? Through this competitive renewal Yale University Department of Dermatology proposes to continue its strong track record of training future leaders of academic dermatology. Of the sixteen trainees supported for one or more years by this T32 program during the past ten years and who have completed their subspecialty and/or research training, thirteen (80%) subsequently received full-time appointments to academic departments or the federal government, with major basic and/or clinical research commitments for twelve of them. Our emphasis on the development of the research skills of MD and MD/PhD dermatologists will be maintained, although PhD candidates judged likely to make substantive contributions to investigative dermatology will be considered for unfilled positions. Our department provides an environment conducive to training research dermatologists: sixteen of the twenty-one fulltime primary Dermatology faculty are actively engaged in basic and/or clinical research and nine spend > 50% effort on such research activities. Facilitated by the NIH-sponsored Yale Skin Diseases Research Core Center, our Dermatology-based research faculty interacts extensively with other leading investigators with primary appointments in other Yale departments, including fourteen researchers designated as preceptors for this training program, six of whom hold joint appointments in Dermatology. Because we consider it most conducive to the trainees' development of intellectual independence and to the introduction of new scientific skills into the dermatology community, substantial exposure to outstanding Yale University basic scientists outside of our department will continue to be mandatory. As during the past two funding periods, each trainee will have two advisors, one inside and one outside the Dermatology Department. In the usual circumstance in which the principal laboratory experience is outside the department, under the mentorship of one of the designated non-dermatologist basic scientists or another equivalent individual, the Dermatology Department faculty advisor will monitor progress of the trainee and certify that the training program is relevant to the trainee's future in the specialty. In the event that the trainee works directly in a dermatology laboratory, the non-dermatology Yale advisor will ensure exposure to additional basic technology, scientific review, seminars and peer group interactions. Training opportunities will continue to be available throughout a broad range of research arenas relevant to cutaneous biology: e.g., cellular and molecular immunobiology of normal and malignant T cells, B cells and dendritic cells; autoimmunity; vaccine development; melanocyte biology and melanoma; keratinocyte biology and carcinogenesis; gene therapy; microvasculature structure/function and wound healing. ? ?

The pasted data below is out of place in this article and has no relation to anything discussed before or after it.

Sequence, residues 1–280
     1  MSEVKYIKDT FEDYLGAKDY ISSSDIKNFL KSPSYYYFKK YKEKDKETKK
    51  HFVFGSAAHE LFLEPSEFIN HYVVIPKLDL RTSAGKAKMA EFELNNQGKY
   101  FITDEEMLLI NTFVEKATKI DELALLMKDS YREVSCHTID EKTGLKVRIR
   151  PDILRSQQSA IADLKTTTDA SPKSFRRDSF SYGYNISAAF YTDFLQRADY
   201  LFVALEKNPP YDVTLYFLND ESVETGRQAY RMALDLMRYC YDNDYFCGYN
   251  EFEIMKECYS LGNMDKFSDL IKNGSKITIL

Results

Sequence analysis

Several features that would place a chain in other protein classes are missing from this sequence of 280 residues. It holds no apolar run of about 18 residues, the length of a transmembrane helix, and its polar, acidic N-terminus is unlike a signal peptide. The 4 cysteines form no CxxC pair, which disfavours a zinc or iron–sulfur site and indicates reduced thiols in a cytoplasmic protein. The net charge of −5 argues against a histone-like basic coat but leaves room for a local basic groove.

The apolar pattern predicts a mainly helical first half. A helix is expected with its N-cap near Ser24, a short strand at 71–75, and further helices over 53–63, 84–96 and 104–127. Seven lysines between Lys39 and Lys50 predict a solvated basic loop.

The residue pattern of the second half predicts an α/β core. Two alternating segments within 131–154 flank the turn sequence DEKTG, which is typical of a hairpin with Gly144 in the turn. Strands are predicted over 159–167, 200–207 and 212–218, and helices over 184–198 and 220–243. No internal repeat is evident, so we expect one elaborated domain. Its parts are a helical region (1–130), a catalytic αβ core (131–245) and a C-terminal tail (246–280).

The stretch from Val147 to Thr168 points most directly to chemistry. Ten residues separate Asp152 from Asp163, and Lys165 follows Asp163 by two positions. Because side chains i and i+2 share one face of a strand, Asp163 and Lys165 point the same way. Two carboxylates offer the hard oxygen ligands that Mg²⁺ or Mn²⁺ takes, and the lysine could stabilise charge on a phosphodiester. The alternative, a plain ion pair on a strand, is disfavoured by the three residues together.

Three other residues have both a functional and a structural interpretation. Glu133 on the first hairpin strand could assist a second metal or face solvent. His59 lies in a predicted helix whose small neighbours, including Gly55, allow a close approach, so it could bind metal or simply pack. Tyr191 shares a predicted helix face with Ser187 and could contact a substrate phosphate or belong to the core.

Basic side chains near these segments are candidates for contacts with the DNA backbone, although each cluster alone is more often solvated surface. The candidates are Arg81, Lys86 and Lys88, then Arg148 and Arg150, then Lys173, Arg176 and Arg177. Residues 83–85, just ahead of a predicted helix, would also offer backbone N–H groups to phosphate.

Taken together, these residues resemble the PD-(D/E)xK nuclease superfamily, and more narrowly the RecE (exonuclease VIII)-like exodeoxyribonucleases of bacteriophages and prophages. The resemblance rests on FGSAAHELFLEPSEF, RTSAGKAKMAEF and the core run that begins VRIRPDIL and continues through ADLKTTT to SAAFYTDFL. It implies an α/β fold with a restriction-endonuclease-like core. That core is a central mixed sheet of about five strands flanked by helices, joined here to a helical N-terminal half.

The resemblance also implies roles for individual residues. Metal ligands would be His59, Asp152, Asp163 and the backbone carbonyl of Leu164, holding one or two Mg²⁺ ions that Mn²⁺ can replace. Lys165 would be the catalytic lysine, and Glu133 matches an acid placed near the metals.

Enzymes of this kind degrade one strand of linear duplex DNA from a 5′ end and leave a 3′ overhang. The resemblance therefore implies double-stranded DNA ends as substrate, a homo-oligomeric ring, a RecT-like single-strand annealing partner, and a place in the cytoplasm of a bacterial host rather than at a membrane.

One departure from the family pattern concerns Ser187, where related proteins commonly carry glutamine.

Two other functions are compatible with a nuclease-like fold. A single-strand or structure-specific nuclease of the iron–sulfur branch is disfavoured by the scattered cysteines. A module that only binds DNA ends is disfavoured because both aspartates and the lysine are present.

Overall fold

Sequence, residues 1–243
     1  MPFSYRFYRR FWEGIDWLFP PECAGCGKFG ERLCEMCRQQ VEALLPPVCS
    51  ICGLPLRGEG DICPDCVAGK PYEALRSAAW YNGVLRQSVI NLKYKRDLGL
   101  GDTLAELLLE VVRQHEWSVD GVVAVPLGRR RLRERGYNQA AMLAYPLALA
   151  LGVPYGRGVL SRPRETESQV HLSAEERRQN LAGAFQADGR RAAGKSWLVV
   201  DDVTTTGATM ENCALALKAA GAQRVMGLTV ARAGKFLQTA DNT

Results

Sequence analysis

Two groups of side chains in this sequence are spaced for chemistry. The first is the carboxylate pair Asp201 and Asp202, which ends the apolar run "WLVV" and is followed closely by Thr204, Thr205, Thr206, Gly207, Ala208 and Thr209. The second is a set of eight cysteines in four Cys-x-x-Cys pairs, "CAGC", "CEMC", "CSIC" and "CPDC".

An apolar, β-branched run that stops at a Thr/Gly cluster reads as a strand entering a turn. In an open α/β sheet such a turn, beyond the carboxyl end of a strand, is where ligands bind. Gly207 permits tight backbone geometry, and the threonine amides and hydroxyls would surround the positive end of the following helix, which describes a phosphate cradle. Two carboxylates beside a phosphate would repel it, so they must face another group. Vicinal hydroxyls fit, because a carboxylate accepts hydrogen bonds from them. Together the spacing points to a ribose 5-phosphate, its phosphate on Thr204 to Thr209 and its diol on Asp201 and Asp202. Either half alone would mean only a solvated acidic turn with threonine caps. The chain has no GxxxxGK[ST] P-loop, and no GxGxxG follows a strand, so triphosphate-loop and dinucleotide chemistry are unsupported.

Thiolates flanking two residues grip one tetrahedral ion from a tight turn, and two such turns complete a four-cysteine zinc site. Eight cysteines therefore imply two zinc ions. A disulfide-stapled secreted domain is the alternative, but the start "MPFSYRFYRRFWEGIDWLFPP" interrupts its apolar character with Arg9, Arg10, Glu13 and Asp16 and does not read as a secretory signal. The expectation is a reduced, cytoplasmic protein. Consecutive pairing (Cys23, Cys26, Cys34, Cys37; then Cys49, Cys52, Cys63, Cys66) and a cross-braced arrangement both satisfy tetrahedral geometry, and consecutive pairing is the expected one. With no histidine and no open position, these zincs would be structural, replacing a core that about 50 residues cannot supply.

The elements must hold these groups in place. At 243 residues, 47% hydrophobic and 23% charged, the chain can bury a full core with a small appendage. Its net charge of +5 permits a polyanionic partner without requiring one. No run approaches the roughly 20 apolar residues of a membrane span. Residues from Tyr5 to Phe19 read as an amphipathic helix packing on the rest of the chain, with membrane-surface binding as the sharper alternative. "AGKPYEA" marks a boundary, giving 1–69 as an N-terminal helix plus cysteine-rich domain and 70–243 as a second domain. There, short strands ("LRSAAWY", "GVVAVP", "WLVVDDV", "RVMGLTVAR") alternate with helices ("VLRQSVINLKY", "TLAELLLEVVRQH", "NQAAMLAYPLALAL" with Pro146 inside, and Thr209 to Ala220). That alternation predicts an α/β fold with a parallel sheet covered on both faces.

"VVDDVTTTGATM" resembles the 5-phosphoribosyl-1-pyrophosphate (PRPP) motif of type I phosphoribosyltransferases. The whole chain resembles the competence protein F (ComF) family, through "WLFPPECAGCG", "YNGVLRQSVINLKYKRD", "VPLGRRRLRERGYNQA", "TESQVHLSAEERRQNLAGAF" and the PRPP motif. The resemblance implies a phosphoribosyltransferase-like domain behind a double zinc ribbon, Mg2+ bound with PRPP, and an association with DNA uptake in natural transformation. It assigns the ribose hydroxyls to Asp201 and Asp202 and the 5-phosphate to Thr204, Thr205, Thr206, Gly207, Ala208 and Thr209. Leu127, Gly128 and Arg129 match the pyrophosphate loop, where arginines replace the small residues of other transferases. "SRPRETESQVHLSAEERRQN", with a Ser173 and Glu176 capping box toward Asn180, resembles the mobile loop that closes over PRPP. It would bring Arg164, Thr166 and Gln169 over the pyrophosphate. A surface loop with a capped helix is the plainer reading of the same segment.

National Institute of Health (NIH)
National Institute of Arthritis and Musculoskeletal and Skin Diseases (NIAMS)
Institutional National Research Service Award (T32)
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Study Section
Arthritis and Musculoskeletal and Skin Diseases Special Grants Review Committee (AMS)
Program Officer
Baker, Carl
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Yale University
Schools of Medicine
New Haven
United States
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